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Java as a host language for a D

Why? The whole point is to keep native Java syntax, semantics and implementation. Java syntax already conforms to TTM/D and can provide an adequate scalar type system, as long as the scalar types implement value semantics. Nothing new there.

The main language extension is the non-scalar types conforming to TTM: a tuple type and relation type with a heading as per TTM. Why is that so hard?

What TTM effectively obligates is a static tuple type where

tuple p {int x, int y}

tuple p {int x, int y} equals

tuple q {int y, int x}

tuple q {int y, int x} but Java has no such thing as a 'tuple' and its closest static equivalent

class p {int x, int y}

class p {int x, int y} does not equal

class q {int y, int x}

class q {int y, int x}.

However you handle tuples -- and by extension, relations -- you either adhere to Java syntax and semantics, which isn't TTM (and is how I'm doing it), or you make it TTM-compliant and either change Java semantics or extend Java semantics and syntax.

The TTM-compliant approach is not Java.

Not so, not even close. TTM requires that, in addition to any other features of the language, the type system provide:

  1. A set of system value types
    1. they support isequal and assign; also compare for ordered types.
  2. User-defined value types with
    1. selector (argument is list of component values)
    2. named getters and non-mutating setters (returns a new value with just that component changed)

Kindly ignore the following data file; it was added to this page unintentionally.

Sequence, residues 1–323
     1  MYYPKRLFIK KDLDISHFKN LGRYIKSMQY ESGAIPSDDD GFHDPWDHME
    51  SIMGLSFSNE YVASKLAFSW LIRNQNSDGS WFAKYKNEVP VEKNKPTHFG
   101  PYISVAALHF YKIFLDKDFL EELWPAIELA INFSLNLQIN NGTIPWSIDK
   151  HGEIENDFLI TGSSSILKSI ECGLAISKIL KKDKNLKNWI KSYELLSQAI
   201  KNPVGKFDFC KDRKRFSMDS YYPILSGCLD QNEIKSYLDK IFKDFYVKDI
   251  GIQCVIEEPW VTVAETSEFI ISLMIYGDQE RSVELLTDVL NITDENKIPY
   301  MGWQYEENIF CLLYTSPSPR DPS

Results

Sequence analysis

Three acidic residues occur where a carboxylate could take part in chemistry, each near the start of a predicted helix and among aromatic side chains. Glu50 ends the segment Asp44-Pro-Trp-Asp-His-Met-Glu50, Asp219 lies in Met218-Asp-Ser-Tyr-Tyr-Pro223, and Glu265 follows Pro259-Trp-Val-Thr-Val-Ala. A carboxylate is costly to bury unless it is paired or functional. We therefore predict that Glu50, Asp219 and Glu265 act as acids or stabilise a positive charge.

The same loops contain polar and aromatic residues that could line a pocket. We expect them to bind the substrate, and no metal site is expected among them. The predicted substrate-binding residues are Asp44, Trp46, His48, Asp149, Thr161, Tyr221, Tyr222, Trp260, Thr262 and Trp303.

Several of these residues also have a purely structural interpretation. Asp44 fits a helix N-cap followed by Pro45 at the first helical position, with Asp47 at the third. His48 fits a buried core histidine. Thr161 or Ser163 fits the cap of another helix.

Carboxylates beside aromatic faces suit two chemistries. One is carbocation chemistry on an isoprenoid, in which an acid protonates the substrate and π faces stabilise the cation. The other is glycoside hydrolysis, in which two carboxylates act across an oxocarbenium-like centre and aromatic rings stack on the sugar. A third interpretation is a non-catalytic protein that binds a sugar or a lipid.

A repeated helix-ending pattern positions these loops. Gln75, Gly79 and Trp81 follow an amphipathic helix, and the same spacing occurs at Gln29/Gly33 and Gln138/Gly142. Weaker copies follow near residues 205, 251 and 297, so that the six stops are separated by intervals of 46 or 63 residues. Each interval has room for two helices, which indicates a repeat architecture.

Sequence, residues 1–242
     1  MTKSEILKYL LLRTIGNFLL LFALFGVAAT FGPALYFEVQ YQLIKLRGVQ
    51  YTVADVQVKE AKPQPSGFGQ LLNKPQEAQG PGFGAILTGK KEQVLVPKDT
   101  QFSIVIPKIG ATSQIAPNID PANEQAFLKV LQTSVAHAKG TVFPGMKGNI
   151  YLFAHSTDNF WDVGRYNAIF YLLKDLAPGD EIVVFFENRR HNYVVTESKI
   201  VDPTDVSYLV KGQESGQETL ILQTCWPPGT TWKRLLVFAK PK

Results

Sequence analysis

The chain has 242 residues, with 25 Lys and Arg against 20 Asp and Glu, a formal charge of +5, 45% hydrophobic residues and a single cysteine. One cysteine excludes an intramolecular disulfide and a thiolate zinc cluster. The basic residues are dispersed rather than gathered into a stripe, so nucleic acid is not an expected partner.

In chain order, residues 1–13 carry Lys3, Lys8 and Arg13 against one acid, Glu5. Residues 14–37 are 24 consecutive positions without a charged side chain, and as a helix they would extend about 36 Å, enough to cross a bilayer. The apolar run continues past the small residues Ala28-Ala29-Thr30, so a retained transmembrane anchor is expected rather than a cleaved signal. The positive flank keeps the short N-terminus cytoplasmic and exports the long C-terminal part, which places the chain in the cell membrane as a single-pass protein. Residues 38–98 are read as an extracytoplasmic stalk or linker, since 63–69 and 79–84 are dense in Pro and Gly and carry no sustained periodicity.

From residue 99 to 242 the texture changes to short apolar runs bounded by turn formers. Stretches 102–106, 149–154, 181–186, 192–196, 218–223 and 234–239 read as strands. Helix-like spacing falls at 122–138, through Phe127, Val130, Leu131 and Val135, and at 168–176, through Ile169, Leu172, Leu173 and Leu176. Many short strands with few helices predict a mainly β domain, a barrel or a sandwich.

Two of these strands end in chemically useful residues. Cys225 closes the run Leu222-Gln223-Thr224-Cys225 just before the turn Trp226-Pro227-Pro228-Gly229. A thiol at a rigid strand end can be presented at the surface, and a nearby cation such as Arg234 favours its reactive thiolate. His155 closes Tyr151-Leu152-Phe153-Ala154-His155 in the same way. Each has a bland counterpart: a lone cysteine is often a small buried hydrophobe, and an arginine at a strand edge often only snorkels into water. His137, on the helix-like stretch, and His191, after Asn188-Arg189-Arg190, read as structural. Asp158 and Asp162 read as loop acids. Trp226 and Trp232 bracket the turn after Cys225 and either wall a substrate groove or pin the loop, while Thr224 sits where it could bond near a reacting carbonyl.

3. User-defined tuple value types with
    1. a unique heading (set of attribute names)
    2. selector (argument is list of attribute values)
    3. named getters and non-mutating setters
  4. User-defined relation value types with
    1. a unique heading (set of attribute names)
    2. a key (set of attributes names)
    3. selector (argument is set of tuples with same heading).

You can easily hand-code all of that in Java,and with these types as a base, it seems easy enough to add just about all of the rest of TTM.

These types look somewhat laborious to write and perhaps prone to errors, so a code generator could help by:

  • creating/ensuring matching attribute/component names, types, heading, selector, getters and setters
  • checking for uniqueness of the heading (no two tuple types or relation types may have the same heading)
  • performing non-scalar type inference across RA operators
  • generating additional non-scalar types for intermediate values if required.

What's not Java about that?

 

Andl - A New Database Language - andl.org
Quote from dandl on April 30, 2020, 1:45 am

Why? The whole point is to keep native Java syntax, semantics and implementation. Java syntax already conforms to TTM/D and can provide an adequate scalar type system, as long as the scalar types implement value semantics. Nothing new there.

The main language extension is the non-scalar types conforming to TTM: a tuple type and relation type with a heading as per TTM. Why is that so hard?